Our warm and dry autumn came to an abrupt end this week as Old Man Winter made his presence known. The good news is that the prognosticators promise a warmer and drier winter. Of course, you know how easy it is to predict the weather.

Whatever the weather, this is a great time of year to pause and reflect on what has happened during the growing season.

Warm days and cool nights brought us some of the best fall color we have seen in recent times. Japanese maples made a great show in gold, burgundy and red. The scrubby turkey oak lit up the pine barrens in shades of maroon and burgundy. And, one of the more reliable fall color performers – ginkgo – was ablaze in golden yellow.

Many ask why we don’t have great fall color every year. The leaf color is masked during the growing season by the green chlorophyll. As the growing season fades, the chlorophyll goes away to reveal anthocyanins and carotenoids that give us the yellow, orange and red colors. When the nights are warm, the plants use too much energy cooling themselves so the color doesn’t develop well. That’s why higher elevation areas like the mountains – where the nights are considerably cooler than the days – have more reliable fall color.

The recent cold blast brought an end to one of the best seasons for the reblooming azaleas. Encore varieties that usually don’t bloom a lot in the fall like Starlight have put on a small show. Reliable ones like Empress, Sangria, Angel, Sundance, Coral and others have been so nice that maybe we should have a fall azalea garden tour. I’m sure the hardworking people in the Cape Fear Garden Club may take exception to that.

The Bloom-a-thon azaleas have also been gorgeous since Labor Day.

If the great show has you motivated to add some of these azaleas to your garden, remember that they are still azaleas. That means they need acidic, high organic matter, well-drained but moist soils. Pine bark fines and a rototiller should be a part of the bed preparation.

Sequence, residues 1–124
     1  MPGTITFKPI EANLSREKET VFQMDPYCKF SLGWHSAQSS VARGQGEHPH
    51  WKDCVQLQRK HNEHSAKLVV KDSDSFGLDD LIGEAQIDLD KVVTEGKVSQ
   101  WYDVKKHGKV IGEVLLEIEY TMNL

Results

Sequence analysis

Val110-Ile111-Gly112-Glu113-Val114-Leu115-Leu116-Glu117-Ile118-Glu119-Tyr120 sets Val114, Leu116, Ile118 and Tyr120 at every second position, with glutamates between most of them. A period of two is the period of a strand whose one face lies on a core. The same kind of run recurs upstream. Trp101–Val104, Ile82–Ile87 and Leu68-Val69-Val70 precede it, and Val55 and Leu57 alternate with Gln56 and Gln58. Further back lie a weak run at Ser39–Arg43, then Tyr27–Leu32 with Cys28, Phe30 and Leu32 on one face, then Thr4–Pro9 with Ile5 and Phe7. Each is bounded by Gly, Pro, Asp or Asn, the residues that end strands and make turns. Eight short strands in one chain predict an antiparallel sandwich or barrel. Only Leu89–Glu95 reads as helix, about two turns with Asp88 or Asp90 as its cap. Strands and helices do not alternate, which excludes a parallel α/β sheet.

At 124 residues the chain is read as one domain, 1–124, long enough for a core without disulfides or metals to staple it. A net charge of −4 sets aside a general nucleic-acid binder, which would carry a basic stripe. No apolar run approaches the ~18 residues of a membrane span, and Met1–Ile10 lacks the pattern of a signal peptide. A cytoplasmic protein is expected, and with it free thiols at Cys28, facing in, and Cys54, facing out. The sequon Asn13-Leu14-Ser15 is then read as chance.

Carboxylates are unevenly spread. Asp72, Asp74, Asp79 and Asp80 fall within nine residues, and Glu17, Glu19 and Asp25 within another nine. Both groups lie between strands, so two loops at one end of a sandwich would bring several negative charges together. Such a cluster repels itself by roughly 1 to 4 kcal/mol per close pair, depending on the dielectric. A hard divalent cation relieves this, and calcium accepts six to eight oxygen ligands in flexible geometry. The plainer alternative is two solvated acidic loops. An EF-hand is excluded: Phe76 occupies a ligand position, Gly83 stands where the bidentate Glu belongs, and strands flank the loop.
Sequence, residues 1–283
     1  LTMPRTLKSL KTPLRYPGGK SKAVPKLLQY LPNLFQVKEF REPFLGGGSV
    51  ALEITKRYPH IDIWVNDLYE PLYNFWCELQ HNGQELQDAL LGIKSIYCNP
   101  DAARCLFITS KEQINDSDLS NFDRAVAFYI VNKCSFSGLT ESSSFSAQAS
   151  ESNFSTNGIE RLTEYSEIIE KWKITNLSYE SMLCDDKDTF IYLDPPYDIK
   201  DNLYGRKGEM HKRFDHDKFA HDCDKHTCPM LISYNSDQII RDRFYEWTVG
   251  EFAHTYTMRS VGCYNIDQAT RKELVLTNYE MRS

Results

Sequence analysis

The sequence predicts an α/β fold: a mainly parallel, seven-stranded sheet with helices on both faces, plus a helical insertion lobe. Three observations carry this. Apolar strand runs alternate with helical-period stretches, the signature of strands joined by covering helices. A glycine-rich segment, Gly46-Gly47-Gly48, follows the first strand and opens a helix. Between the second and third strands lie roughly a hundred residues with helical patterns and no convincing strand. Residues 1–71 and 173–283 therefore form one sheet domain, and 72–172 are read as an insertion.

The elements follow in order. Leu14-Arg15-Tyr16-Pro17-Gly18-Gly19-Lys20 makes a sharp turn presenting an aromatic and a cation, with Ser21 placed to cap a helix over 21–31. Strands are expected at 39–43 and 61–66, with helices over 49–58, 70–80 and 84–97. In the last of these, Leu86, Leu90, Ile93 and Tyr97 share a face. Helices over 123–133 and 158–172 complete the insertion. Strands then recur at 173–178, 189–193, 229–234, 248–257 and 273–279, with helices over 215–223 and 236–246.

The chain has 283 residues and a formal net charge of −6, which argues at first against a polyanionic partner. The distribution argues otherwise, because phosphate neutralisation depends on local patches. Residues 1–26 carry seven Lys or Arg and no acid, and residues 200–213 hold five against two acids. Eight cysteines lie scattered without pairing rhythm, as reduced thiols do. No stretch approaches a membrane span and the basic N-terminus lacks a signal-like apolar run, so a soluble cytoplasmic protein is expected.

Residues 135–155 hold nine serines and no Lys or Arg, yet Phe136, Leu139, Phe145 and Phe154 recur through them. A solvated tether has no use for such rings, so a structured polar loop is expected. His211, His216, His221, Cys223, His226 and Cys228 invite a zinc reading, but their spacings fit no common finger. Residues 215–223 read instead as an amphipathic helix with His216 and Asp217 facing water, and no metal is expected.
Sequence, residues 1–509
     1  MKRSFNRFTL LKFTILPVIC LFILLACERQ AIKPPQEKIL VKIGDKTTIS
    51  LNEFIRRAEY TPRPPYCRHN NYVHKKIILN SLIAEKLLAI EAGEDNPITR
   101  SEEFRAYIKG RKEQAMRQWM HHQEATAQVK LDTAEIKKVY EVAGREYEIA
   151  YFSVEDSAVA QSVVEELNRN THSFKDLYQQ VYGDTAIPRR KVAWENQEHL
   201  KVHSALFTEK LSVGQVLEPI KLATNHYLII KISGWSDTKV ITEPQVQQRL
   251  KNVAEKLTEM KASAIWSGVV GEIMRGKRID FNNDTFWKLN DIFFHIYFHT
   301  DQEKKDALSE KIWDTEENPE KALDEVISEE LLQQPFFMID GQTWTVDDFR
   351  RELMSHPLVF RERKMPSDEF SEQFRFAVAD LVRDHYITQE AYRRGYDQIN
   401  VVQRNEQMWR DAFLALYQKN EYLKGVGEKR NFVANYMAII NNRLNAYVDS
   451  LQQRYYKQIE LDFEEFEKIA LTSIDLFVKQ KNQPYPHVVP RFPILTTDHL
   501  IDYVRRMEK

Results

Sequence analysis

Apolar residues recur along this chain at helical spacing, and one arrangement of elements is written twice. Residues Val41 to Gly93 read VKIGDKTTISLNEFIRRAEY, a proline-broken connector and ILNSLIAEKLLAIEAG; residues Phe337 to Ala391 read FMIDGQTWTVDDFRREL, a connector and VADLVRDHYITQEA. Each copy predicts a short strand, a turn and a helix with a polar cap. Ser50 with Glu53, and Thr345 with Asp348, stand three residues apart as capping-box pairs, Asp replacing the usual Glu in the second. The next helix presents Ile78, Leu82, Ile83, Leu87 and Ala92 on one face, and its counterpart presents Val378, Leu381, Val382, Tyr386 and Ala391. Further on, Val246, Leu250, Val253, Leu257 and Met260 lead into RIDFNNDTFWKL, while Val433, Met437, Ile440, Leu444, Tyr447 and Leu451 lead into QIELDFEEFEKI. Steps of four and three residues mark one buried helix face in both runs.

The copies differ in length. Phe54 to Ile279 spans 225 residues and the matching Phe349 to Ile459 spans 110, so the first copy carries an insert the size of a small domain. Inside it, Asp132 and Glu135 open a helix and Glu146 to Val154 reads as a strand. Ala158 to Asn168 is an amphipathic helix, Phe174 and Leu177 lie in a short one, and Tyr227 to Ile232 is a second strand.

Years like this one reinforce that, with the fall-blooming azaleas, camellias, ornamental grasses and some of the salvia selections, autumn is one of the most colorful times in our gardens.

I’ll get another chance to check in with you before the “big day,” but I did get a question about “living” Christmas trees last week. These are plants in containers or balled-and-burlapped that, theoretically, can be planted in the garden after the celebration ends. Sounds like a great idea, but it doesn’t work well in our climate.

The most popular tree is Frazer fir which only grows in the higher elevations of the mountains. White pine might live for a few years, but will eventually succumb to root rot. You may have a better shot with red cedar, Leyland cypress or arborvitae. Even with these better-adapted species, the tree should only stay in the house 10 to 14 days. The dry air inside your heated house isn’t good for plants.

Your priorities during the busy holiday season probably aren’t on your lawn and garden. But, if you have problems/concerns, our Plant Clinic is still open 10 am to 4 pm weekdays. You can also check out our website http://ces.ncsu.edu, where you can post your questions via the ‘Ask an Expert’ link, or contact your local Extension center - Pender County 259-1238; New Hanover County 798-7660; Brunswick County 253-2610.

 

Al Hight is the extension director for the North Carolina Cooperative Extension in New Hanover County. Contact him at 910-798-7666.